Nissan Motor Co. plans to cut more than 10,000 jobs globally as part of efforts to turn around its business, company sources said Tuesday.

The number, which represents around 10 percent of its global workforce, is much bigger than an earlier estimate. In May the Japanese carmaker said it would cut 4,800 jobs.

Nissan's group net profit hit a nine-year low in the year through March, hit by weak sales of its cars in the U.S. market, and the Japanese automaker has projected it will nearly be halved in fiscal 2019.

Also, since the arrest in November of its former Chairman Carlos Ghosn over alleged financial misdeeds, Nissan has been struggling to restructure its management team and ties with Renault SA, its biggest shareholder.

The additional reduction in workforce, including through early retirement options, is expected to be announced by the Yokohama-headquartered automaker on Thursday, when it releases earnings figures for the April to June period of this year.

Some factories in South America and other regions where Nissan has low profitability are likely to be subject to the reduction plan, while it may try to streamline output in Japan.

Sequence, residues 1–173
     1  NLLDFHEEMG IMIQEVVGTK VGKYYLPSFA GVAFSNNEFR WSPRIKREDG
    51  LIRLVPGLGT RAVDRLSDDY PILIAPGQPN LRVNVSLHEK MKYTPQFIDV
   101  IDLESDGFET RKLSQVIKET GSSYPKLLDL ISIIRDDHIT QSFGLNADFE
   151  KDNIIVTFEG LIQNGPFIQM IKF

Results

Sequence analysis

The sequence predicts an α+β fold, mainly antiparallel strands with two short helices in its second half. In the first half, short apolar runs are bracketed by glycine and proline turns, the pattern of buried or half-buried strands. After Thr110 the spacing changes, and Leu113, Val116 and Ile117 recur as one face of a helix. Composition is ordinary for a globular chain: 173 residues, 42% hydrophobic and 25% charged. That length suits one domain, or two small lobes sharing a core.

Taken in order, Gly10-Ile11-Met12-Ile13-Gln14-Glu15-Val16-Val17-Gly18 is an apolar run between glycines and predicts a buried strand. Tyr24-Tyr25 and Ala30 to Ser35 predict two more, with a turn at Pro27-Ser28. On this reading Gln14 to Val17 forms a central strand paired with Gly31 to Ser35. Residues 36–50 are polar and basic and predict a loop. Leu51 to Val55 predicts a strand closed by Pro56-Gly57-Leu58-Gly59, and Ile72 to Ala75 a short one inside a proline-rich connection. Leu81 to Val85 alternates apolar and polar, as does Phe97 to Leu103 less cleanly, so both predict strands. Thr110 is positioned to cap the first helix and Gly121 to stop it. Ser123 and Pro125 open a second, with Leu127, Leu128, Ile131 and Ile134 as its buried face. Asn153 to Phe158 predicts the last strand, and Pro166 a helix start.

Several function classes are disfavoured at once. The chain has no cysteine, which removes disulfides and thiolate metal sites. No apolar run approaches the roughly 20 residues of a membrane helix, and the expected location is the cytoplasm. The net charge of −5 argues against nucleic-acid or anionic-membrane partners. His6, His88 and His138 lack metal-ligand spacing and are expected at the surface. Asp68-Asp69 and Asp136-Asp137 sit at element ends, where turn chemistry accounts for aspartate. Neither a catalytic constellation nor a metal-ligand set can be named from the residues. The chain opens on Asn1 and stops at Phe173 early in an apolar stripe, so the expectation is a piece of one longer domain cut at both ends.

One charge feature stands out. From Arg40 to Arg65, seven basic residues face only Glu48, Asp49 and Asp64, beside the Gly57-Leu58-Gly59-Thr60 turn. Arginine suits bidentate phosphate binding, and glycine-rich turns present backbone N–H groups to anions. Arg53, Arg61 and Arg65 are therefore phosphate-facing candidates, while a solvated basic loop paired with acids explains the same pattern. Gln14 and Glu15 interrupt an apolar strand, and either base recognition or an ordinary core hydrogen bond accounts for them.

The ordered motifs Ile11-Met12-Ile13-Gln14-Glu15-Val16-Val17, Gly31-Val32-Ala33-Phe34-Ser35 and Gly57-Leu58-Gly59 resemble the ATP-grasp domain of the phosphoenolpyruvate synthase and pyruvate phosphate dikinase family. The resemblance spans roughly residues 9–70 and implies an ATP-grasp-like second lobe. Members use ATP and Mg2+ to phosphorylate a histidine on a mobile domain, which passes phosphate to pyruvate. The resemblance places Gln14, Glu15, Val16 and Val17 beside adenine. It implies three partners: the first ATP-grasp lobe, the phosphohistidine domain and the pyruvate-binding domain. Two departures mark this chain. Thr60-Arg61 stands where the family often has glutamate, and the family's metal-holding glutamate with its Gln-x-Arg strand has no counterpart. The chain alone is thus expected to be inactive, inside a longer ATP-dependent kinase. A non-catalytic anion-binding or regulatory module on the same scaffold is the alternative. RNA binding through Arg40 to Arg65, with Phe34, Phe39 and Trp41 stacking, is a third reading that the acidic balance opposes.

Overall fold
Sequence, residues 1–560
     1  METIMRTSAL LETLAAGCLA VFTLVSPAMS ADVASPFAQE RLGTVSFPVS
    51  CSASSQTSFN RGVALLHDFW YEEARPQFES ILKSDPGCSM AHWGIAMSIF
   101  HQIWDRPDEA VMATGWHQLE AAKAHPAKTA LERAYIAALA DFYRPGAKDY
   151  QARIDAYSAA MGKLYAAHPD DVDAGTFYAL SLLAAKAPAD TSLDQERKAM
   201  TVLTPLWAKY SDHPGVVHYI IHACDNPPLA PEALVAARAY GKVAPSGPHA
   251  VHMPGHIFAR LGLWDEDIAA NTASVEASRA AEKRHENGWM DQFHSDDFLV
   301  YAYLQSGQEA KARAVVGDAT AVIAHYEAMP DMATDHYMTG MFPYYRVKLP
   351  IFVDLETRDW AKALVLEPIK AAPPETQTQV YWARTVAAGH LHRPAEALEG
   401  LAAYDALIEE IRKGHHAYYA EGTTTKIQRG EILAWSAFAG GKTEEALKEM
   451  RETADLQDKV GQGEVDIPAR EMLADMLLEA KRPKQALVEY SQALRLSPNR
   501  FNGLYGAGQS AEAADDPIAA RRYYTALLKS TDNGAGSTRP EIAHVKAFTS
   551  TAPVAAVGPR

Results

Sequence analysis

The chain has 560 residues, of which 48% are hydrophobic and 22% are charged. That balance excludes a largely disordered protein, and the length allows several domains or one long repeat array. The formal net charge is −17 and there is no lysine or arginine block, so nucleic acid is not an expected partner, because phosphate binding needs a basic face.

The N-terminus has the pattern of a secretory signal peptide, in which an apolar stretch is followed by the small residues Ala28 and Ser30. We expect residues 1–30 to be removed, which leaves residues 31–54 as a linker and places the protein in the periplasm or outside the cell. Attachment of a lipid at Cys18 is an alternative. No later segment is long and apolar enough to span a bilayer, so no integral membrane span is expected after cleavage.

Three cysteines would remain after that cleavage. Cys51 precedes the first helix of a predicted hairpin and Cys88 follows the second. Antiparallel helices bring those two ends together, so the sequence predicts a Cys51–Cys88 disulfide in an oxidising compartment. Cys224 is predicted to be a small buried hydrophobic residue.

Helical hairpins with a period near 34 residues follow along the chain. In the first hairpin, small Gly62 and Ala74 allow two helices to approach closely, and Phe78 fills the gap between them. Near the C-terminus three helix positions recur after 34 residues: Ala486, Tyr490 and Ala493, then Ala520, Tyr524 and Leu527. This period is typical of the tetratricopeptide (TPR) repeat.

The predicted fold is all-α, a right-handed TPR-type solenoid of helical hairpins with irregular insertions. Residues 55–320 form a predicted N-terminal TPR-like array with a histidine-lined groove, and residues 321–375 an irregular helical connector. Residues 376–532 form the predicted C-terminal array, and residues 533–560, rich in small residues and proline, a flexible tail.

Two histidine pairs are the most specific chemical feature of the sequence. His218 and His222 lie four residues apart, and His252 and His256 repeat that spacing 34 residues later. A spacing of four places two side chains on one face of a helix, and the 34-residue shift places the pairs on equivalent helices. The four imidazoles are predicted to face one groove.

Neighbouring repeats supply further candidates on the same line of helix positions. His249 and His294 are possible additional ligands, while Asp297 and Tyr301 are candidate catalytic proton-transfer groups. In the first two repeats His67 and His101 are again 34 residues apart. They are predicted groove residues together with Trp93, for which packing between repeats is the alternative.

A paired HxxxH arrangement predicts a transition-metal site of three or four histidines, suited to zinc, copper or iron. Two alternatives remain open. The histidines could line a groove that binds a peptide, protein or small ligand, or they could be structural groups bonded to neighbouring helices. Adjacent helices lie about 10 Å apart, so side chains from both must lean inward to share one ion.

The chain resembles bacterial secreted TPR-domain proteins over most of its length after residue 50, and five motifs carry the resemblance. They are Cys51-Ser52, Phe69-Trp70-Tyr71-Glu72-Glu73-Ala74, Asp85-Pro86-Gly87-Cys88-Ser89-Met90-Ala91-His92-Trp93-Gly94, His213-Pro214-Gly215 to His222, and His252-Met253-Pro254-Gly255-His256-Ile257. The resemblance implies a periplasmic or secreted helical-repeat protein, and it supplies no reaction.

As of March this year, Nissan and its group companies had about 139,000 employees, according to its financial report.

Nissan has acknowledged it was overstretching to meet numerical targets, such as by relying on incentives, in the U.S. market.

It has been reviewing the expansionist business strategy spearheaded by Ghosn, who built the three-way alliance also involving Mitsubishi Motors Corp. and led an auto group that was the world's second largest last year in terms of vehicle sales.

In fiscal 2018, Nissan saw its global vehicle sales fall 4.4 percent to 5.52 million units, including a 9.3 percent decline in the United States to 1.44 million units and a 14.9 percent drop in Europe to 643,000 units.

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